The new visitor centre, due for completion in late 2017 – YSP’s 40th anniversary year, has also received generous support from the Garfield Weston Foundation and The Foyle Foundation. An on-going fundraising campaign will raise the remaining £1.7million required to deliver the project.
Designed by London-based architects Feilden Fowles, recently named BD Young Architect of the Year 2016, the centre will build capacity at the award-winning visitor attraction in Wakefield, West Yorkshire, which attracted more than 500,000 last year.
“Yorkshire Sculpture Park continues to go from strength to strength, and makes an outstanding contribution to the visual arts in England,” said Michelle Dickson, director north, ACE. “With visitor numbers growing year on year, the development of its new visitor centre will provide improved facilities for the public, and more exhibition space. I’m delighted that we’ve been able to help support this project and look forward to seeing its development.”
The centre will enhance visitor experience and security at the southern entrance to the Park, less than one mile away from M1 junction 38, and contribute to YSP’s long-term financial sustainability.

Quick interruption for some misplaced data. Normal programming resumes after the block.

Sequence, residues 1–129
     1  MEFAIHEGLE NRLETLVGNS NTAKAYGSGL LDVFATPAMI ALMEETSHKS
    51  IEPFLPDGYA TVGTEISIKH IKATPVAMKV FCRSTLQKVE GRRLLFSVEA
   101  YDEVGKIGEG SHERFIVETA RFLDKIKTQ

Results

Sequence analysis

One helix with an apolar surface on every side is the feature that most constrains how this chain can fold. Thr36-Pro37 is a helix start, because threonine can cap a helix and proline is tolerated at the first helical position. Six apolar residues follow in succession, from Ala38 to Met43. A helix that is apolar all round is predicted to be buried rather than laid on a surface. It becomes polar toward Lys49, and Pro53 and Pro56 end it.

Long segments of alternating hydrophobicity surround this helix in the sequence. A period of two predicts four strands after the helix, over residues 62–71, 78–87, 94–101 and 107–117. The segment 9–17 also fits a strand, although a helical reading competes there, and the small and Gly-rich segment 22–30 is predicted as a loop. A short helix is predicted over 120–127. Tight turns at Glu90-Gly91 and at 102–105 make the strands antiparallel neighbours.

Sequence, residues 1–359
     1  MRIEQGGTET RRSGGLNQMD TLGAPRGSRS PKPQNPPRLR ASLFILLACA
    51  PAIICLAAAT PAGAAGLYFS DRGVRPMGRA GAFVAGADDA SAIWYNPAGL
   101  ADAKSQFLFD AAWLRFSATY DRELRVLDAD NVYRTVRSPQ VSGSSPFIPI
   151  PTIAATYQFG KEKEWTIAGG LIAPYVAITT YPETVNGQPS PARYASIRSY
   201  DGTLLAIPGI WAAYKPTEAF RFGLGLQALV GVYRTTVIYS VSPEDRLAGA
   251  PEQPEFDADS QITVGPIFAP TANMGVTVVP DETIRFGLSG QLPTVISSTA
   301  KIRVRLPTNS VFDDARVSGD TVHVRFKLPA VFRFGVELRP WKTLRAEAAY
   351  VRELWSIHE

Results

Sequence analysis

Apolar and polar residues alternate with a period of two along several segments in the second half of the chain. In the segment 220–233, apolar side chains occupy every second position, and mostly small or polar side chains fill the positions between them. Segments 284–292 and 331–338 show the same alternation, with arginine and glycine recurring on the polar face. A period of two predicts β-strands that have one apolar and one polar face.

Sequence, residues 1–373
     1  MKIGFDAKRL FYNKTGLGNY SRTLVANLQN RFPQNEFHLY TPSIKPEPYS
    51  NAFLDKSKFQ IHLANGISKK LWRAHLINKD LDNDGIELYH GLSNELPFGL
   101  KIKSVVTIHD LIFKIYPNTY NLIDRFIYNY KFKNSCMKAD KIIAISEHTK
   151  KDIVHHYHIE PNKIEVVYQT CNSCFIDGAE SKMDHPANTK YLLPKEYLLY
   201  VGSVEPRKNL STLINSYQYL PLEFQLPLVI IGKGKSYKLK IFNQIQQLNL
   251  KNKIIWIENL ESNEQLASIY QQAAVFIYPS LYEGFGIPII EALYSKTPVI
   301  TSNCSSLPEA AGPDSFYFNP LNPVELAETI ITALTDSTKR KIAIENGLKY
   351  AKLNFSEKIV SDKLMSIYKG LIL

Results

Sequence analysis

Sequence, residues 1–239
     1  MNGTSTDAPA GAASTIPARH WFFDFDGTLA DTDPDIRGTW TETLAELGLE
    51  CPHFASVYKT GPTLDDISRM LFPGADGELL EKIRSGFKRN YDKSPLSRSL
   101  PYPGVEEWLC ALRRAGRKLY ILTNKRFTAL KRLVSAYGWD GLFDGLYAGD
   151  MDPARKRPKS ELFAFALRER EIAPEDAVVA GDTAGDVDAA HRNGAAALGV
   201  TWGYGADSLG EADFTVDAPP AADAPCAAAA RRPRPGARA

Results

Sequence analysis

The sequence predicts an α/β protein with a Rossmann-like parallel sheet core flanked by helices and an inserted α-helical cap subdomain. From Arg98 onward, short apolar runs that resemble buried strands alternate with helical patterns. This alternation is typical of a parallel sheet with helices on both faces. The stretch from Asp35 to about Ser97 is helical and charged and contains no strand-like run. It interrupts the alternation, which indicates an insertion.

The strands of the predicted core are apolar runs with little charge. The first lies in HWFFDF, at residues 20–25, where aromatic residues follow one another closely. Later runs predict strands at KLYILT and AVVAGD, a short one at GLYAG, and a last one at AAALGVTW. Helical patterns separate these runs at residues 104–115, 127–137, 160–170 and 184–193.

A new gallery space will provide visitors access to prominent art of the 20th and 21st centuries through a changing programme of temporary exhibitions. The centre will also increase physical, intellectual and emotional access to the landscape, ecology and heritage of the historic 500-acre Bretton Estate, as well as the sculpture presented elsewhere in the Park.
The environmentally friendly building has been designed to make minimum impact on the site and, in common with previous YSP developments, to fit sympathetically with the historic landscape. It will comprise a 140m2 restaurant, 125m2 gallery space, an 80m2 public foyer and a 50m2 shop.
A new shop will extend YSP’s retail operation, providing opportunities for both artists and designers and the building will be well insulated and naturally ventilated, featuring an air-source heat pump for heating and a dense green roof.
Peter Murray CBE, executive and founding director of YSP, said: “We are delighted to have the backing of Arts Council England. The new visitor centre is a reflection of our ambition to increase long-term resilience and sustainability by building audiences, further developing our artistic programme, and increasing visitor income.”
The project will complete a series of developments at YSP that began with the opening of Longside Gallery in 2001, the main visitor centre in 2002, the introduction of the Underground Gallery in 2005, the transformation of the estate Kennel Block into the Rushbond Learning Centre and café in 2011, and most recently the refurbishment of the Chapel in 2014.